Reparing Chess Computers
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   I am not an electronic expert. I was able to repair some broken Leds on Fidelity chess computers, a broken magnetic sensor on the Conchess, some small electrical wire broken and some glue on broken plastic parts. I did not succeed to repair a Novag Constellation 3.6: I was not able to dismantle it. And I did not fix the problem on my Morphy Encore's keyboard.

   Here are some pictures and useful links.


   I mainly have the basic toolset: high quality glue and a soldering iron.

   I also have
      - an unsoldering pump to draw up the damaged led soldering
      - some small electrical wire coming from broken computers
      - some foam to reinforce repaired plastic parts.

The Fidelity games:

   The Fidelity games are strong and easy to dismantle. After unscrewing, it's sometime necessary to insert a screwdriver under the upper pads and push some plastic parts.

   On the left is a Chess Challenger 6: there are not any Led, there is just an electronic card and the game module. There is a broken wire and a broken plastic part in the battery compartment. With some soldering, glue and some foam, everything is ok again. The result is visible above, on the right side of the "Tooling" chapter. Click on the picture for a better resolution.


   On the right is a Chess Challenger 8 (With the Led board dismantleed and returned face up): There was a broken led. The new led on the middle top has a different color but it's not visible when the box is closed. The Led board is easy to dismantle because it is not fixed. It's just sticked on metallic needles. The only thing to know about Leds is that the orientation has to be respected. It's a diode and the electrical power can only go one way through a diode. looking inside the diode, there is an electrode higher than the other one. Use the same orientation of the diode to be repaired.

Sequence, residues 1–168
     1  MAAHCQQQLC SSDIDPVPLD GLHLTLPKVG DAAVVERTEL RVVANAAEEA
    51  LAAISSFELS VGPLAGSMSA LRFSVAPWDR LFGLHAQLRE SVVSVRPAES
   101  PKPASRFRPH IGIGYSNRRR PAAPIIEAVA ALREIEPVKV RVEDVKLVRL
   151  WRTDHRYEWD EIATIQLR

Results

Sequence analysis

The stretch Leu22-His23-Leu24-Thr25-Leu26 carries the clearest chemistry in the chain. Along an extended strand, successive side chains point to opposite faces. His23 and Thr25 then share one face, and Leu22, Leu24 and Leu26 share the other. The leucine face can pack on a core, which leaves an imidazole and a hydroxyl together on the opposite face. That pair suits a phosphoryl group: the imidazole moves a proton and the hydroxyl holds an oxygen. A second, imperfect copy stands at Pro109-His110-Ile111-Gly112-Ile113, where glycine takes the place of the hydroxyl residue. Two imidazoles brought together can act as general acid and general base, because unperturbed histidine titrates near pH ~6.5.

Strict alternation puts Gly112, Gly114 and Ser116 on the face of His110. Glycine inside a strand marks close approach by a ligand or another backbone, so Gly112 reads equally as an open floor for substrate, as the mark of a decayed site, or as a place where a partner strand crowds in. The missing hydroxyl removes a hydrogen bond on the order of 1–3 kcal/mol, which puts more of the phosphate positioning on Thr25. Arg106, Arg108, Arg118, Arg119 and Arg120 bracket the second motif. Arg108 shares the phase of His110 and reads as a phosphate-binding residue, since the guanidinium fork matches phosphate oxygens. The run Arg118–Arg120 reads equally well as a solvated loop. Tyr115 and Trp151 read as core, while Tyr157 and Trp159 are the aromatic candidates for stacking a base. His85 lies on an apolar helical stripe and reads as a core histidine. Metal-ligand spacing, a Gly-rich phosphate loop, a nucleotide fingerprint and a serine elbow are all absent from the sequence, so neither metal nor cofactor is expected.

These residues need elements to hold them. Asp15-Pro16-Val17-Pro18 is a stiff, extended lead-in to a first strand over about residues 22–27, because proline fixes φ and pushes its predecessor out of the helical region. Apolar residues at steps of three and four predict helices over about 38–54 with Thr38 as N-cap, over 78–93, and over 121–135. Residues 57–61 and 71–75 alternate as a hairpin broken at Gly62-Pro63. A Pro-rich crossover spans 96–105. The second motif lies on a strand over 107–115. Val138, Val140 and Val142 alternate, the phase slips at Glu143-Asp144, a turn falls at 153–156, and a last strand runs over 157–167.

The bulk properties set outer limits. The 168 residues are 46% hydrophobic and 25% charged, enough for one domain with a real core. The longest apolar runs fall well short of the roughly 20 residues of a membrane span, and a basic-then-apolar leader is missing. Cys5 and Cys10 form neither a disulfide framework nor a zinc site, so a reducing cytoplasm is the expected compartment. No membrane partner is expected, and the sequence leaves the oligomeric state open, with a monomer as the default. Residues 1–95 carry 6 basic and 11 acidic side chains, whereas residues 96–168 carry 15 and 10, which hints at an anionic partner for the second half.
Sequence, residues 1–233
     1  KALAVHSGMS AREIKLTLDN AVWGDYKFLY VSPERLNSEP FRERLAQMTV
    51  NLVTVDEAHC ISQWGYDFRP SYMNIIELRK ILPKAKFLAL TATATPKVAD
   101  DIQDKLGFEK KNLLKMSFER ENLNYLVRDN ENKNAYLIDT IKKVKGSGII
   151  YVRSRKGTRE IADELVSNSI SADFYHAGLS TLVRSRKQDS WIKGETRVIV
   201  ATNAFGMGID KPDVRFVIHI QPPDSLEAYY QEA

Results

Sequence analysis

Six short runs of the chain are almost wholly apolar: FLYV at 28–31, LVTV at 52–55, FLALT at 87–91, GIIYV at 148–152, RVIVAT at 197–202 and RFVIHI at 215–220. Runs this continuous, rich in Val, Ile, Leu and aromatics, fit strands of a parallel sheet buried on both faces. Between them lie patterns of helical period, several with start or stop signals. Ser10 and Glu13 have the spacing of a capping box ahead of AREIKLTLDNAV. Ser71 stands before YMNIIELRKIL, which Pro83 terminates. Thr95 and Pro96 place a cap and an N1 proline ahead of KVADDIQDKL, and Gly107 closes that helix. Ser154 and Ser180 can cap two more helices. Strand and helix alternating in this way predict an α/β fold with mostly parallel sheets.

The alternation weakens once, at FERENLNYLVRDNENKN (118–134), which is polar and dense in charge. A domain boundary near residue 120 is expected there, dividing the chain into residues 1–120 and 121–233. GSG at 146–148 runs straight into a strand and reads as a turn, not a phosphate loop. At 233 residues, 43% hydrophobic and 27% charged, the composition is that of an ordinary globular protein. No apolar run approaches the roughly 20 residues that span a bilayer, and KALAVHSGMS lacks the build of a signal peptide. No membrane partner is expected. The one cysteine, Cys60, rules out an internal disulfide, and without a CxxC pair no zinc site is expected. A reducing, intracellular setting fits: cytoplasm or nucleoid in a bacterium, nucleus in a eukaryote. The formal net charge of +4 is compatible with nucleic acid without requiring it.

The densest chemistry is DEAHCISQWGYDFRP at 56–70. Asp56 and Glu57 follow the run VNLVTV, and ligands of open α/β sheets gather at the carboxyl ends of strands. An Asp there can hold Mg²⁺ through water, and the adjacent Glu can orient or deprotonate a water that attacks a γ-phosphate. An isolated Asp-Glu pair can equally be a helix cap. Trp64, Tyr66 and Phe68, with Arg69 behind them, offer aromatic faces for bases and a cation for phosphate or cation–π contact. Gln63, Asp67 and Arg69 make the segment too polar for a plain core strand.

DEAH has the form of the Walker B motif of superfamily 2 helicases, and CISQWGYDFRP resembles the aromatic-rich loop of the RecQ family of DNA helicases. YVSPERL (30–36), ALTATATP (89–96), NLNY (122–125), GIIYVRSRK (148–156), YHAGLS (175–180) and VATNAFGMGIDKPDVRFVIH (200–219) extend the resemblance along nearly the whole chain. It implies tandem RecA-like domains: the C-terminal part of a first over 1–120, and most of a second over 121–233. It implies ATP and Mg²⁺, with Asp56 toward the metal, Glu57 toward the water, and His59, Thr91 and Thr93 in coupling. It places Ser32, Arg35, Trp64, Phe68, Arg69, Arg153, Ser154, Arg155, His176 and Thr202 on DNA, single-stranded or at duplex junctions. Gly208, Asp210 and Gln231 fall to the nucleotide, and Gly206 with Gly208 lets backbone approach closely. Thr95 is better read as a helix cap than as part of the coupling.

The Chess Challenger 9 is similar: Soldering are easy. But on the Excellence model, the soldering are a lot thiner.

A 9V alternative power adaptor:

   Some old Fidelity games are using a 9v alternative power. This power adaptor is often broken. In some case, it's connected through a loudspeaker plug. I found in flea market 2 old alternative power adaptor with a round plug and I connected one without soldering, using only a small metallic part and it worked very well.

A keyboard for a Morphy Encore or a Sargon 2.5:

   My "Morphy Encore" keyboard had a key that was not working anymore. The game was not usable because the movements are entered only through the keyboard. I tried to unglue it ... and I destroyed everything. It's a fragile system with two plastic sheets of electronic circuit.

   Impossible to repair it ?


What's inside an Auto Response Board:

   The Sargon 2.5 Auto Response Board is clearly an expensive device. It's made of threee parts: the motherboard with the 6502A microprocessor, the module in one black plastic box, the chessboard with the leds, the magnetic sensors and the user interface on a long printed circuit. You can click on each picture for a better quality.

   This module had an electronic problem and was repaired during the guaranty period. Of course there should be no hole.


What's inside a Saitek Kasparov Elite:

   The Saitek Kasparov Elite is a low cost device. As you can see, the hardware cost is minized with one reset button, one piezzo for sounds and one small electronic board.


A l'intérieur d'un Saitek Electronic Champion Backgammon

   The Saitek Electronic Champion Backgammon includes 3 boards: the motherboard (with part of the leds), the keyboard and the second part of the leds. The computer is based on a single chip Hitachi 6301Y that includes a micro-processor compatible motorola 6800, 16Kb ROM and 256 bytes of RAM.


Some links:

The Chess Challenger 7 hardware by The Den of Science
The Chess Challenger 10 hardware by The Den of Science

How to repair a magnetic sensor on an Auto-response chessboard by Ismenio (

How to fix a dead keyboard by Lionel Cordesses (

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